- Firstly, ECU’s commitment to engagement. It is engaged with and listens to stakeholders including students, employers, the three levels of government and others in the communities it was established to serve. Engagement generates ideas, understanding and trust and ensures that stakeholder views are reflected in ECU’s offerings and activities.
- Awareness of and responsiveness to the external environment is also important. There have been many changes in higher education policy over the years and there will be many more in the years to come. ECU has successfully read the policy environment and has responded appropriately.
- ECU is also very strategically focussed. It is not locked into the past, and has in my view always been prepared to review activities and set new directions to meet emerging needs and priorities.
- ECU is also agile. It does not just identify opportunities but it has shown itself ready to act and to act quickly when necessary.
- Resilience is another key attribute. As punters well know, not every horse turns out to be a winner and organisations need to be able to quickly refocus when things don’t turn out as expected.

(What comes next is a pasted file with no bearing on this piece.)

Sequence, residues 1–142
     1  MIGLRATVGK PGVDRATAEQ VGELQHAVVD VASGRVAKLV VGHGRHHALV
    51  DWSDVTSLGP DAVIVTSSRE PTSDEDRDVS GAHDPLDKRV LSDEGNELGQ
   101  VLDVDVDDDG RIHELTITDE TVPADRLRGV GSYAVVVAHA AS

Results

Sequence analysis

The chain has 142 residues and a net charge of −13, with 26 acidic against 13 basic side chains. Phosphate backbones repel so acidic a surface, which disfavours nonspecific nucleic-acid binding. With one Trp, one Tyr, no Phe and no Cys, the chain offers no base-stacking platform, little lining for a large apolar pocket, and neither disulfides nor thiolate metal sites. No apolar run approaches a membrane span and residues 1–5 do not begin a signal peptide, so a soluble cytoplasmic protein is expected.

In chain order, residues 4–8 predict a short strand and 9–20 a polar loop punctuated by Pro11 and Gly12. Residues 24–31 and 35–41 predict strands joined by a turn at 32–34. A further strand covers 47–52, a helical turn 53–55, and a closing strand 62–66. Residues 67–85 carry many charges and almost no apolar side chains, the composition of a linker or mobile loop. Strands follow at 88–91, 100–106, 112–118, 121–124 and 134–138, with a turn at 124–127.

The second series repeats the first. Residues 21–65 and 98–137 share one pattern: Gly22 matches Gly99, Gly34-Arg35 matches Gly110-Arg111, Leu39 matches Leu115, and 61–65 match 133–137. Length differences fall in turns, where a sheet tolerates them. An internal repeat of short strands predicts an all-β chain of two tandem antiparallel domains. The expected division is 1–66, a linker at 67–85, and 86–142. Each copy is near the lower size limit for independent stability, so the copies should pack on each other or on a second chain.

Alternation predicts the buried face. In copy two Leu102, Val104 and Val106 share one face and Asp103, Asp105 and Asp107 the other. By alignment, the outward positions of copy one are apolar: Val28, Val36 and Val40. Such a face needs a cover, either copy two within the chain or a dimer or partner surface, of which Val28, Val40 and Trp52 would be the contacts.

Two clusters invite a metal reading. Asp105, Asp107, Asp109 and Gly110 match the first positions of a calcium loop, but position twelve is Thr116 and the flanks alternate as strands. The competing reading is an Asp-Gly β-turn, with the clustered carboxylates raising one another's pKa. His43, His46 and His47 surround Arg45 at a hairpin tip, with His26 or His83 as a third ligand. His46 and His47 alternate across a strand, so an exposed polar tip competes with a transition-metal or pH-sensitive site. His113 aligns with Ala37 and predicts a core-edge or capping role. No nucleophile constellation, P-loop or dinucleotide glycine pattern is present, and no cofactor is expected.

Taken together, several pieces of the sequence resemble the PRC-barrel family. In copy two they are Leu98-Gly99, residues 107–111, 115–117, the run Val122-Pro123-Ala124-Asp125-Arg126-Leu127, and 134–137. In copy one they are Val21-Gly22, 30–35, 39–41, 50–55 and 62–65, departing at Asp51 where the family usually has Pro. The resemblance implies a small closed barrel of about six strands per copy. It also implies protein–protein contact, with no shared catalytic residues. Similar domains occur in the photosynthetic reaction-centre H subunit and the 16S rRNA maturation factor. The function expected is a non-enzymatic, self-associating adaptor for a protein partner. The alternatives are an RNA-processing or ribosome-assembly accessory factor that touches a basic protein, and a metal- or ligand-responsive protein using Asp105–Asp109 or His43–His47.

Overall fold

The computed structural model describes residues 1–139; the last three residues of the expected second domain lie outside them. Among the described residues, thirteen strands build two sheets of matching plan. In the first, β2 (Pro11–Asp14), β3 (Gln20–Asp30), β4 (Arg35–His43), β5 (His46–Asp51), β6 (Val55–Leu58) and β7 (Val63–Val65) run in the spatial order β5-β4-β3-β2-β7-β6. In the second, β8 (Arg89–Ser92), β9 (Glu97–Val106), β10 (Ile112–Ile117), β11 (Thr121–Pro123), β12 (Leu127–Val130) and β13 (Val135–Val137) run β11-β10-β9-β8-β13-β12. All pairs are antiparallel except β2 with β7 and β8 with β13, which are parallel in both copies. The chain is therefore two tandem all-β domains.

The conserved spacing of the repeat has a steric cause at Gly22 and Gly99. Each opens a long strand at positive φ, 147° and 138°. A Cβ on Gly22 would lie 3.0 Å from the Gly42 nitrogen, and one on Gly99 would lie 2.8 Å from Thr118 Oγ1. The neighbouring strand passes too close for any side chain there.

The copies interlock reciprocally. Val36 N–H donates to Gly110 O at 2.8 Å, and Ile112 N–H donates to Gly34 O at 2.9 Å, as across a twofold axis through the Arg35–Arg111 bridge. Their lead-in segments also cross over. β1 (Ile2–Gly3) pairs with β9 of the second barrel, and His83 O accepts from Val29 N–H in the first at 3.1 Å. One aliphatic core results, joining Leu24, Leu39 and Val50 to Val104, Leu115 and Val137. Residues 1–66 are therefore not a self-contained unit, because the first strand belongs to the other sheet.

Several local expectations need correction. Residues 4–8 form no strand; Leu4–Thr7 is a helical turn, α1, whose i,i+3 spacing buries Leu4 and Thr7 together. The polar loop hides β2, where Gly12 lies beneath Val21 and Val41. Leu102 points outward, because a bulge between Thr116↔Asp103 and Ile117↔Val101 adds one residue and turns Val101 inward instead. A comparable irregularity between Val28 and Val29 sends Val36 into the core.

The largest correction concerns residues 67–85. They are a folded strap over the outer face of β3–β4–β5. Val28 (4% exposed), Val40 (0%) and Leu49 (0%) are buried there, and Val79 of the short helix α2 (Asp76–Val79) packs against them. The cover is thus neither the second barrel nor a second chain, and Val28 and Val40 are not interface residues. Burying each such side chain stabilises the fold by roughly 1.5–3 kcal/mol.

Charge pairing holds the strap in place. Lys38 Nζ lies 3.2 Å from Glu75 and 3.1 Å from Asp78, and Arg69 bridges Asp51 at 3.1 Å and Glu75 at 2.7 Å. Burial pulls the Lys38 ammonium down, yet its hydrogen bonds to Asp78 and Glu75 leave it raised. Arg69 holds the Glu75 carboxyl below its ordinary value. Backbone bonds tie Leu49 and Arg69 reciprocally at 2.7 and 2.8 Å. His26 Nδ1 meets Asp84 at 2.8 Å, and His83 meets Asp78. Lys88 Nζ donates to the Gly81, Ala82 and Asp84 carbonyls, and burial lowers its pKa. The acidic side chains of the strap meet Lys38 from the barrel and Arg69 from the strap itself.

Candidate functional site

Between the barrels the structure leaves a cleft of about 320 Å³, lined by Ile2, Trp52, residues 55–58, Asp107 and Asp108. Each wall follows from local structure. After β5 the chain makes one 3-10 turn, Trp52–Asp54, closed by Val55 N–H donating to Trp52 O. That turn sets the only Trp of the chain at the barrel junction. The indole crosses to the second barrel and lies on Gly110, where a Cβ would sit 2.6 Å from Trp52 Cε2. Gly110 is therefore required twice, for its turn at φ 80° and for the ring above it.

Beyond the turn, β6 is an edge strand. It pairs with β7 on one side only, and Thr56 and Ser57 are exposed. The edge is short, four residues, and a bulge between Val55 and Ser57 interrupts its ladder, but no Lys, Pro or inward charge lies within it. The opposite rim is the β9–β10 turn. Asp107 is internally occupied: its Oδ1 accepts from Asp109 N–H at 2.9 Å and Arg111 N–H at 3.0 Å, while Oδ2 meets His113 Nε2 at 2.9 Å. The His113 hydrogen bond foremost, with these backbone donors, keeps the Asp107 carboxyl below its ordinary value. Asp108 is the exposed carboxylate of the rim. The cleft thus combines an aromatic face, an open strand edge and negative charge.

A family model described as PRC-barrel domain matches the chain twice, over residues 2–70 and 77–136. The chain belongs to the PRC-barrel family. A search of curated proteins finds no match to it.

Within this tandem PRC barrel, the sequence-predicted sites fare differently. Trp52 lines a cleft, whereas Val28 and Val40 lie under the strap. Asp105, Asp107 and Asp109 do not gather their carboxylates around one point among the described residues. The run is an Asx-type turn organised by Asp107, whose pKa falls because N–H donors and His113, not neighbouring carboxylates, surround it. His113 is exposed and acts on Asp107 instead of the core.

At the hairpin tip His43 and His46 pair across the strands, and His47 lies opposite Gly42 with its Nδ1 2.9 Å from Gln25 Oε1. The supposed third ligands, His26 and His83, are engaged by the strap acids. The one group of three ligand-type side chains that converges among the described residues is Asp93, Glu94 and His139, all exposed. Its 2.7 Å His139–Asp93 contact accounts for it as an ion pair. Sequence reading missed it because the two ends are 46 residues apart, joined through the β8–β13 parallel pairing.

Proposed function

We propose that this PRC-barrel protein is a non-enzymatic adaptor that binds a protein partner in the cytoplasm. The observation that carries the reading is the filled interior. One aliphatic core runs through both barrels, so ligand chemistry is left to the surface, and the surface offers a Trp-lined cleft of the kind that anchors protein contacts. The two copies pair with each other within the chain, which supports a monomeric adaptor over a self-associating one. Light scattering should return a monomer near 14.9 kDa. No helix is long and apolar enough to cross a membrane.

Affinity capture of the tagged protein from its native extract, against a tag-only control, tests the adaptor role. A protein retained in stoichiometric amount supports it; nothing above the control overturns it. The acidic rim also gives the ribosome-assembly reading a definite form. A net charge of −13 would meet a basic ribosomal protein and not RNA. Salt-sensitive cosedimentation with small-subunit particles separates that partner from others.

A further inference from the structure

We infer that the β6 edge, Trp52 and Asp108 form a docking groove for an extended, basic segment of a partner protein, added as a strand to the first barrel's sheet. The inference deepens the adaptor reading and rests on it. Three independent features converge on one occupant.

- Finally it is the people who make an organisation and I see ECU people, whether they be students, Council members, or staff, as open, friendly, cooperative, creative and challenging and with a great capacity to work together, rather than in isolation, to achieve outcomes.
So there we have it six attributes:
- Engagement with stakeholders;
- Awareness of and responsiveness to the environment;
- Strategic focus;
- Capacity to work together.
These are among the attributes that I think have enabled ECU to achieve great success in a relatively short period of time, and indeed I think they are attributes that can be of value to all of us in our lives at home and at work.
To those of you graduating today I hope that your time at ECU has been enjoyable and productive. You have worked hard and made sacrifices to earn the awards you receive today and you now embark on another phase of your lives as graduates of ECU. My very warmest congratulations and best wishes to you for your success and happiness in your personal and professional lives.
Warren Snell7 October 2012